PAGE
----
IQ ratings are rising on average, not in individuals, because a wider section of the populous is educated for longer, and more apt to concentrate on activities and occupations that involve pattern recognition and memory. Even those labor jobs, that were once entirely physical, now often involve some sort of pattern recognition or memory. Since IQ tests are psychological and not neurological, they don't test raw intelligence potential, only how the brain is geared toward certain types of tasks, and as a brain repeats a type of task, it'll invariably improve and specialize.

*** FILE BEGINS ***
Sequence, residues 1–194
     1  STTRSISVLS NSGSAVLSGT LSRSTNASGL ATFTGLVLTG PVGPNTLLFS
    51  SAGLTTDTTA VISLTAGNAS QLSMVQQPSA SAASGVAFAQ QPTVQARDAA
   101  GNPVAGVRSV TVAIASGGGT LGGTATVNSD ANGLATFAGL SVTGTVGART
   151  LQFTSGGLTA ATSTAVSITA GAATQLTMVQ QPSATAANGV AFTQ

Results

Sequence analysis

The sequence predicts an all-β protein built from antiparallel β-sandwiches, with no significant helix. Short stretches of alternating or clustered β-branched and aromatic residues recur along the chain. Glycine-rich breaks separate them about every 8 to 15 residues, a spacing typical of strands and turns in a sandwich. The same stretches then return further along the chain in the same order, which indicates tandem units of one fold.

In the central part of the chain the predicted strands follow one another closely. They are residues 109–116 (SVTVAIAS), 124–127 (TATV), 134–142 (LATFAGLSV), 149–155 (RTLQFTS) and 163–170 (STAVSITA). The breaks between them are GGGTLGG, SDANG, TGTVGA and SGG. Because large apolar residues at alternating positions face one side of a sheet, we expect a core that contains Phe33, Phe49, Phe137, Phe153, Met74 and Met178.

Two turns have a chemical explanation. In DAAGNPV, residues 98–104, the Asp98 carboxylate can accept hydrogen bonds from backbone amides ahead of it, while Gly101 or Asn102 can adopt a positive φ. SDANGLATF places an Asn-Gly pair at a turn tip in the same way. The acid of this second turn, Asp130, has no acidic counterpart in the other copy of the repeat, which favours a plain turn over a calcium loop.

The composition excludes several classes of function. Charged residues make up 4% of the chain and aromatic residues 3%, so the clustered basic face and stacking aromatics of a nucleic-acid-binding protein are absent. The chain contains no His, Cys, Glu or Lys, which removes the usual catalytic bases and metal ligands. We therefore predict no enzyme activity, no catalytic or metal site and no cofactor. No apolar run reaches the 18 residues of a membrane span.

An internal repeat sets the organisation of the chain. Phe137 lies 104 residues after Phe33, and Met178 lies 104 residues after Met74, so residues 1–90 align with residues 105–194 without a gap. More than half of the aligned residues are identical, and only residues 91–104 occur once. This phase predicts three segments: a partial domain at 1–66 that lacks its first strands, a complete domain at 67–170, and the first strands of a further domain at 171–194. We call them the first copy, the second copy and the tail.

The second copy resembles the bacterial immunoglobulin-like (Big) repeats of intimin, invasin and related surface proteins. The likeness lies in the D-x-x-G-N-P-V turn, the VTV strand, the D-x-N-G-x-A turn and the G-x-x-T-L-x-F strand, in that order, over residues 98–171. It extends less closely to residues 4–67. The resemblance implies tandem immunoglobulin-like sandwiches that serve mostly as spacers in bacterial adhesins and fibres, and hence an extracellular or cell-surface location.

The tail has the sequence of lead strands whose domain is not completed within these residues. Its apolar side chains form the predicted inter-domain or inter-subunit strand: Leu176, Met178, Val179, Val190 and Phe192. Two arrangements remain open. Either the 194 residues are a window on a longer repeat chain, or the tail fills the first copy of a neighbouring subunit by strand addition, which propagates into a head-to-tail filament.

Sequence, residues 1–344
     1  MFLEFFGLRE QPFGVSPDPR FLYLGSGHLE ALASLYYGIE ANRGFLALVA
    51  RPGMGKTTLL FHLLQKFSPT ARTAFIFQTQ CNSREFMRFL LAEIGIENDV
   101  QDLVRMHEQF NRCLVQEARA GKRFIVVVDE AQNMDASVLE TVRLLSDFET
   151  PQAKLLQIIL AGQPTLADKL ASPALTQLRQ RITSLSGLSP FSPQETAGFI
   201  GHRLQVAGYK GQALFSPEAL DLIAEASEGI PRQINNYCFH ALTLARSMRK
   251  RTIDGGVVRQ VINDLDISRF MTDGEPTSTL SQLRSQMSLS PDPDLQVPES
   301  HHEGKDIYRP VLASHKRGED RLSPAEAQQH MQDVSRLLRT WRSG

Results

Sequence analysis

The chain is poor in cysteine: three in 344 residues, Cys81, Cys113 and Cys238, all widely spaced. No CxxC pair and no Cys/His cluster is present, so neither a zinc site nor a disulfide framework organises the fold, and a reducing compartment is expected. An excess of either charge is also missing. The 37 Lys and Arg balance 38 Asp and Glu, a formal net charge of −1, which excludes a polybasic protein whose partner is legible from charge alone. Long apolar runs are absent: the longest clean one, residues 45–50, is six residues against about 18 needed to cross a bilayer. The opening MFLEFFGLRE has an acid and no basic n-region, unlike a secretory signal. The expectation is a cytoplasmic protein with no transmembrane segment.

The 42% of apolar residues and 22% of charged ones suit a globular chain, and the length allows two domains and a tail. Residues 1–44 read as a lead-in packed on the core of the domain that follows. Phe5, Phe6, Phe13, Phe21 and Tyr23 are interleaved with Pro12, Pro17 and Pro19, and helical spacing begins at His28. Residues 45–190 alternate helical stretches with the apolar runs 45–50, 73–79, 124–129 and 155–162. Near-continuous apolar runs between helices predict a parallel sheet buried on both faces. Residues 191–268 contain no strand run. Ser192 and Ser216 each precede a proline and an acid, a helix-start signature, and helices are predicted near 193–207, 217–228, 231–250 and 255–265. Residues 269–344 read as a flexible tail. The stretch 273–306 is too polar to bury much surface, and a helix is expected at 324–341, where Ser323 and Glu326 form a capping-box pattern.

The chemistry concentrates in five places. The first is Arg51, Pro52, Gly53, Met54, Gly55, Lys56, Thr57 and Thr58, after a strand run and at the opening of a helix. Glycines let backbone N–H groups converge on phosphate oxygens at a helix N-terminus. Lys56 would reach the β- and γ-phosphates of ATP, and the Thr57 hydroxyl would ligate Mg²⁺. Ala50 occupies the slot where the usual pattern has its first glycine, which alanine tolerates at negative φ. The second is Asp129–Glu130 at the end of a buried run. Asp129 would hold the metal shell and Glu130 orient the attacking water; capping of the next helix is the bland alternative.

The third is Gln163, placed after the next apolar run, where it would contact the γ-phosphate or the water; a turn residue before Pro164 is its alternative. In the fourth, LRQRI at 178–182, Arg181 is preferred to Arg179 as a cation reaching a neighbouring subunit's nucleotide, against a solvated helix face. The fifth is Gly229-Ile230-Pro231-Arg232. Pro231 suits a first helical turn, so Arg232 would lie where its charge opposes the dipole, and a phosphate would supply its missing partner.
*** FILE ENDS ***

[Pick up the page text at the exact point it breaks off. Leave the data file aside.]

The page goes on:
This pattern will continue, as more and more of the world industrializes and shifts to technologies that use those skills, though it'll eventually plateau when the entirety of the population is so trained and specialized (barring a dark age).
Granted, by then, who knows, maybe we'll have cybernetic processors to offload tasks like that to, and our brains will instead dedicate themselves to other, more abstract tasks, that are harder to digitize, and/or we'll be genetic engineering increased intelligence.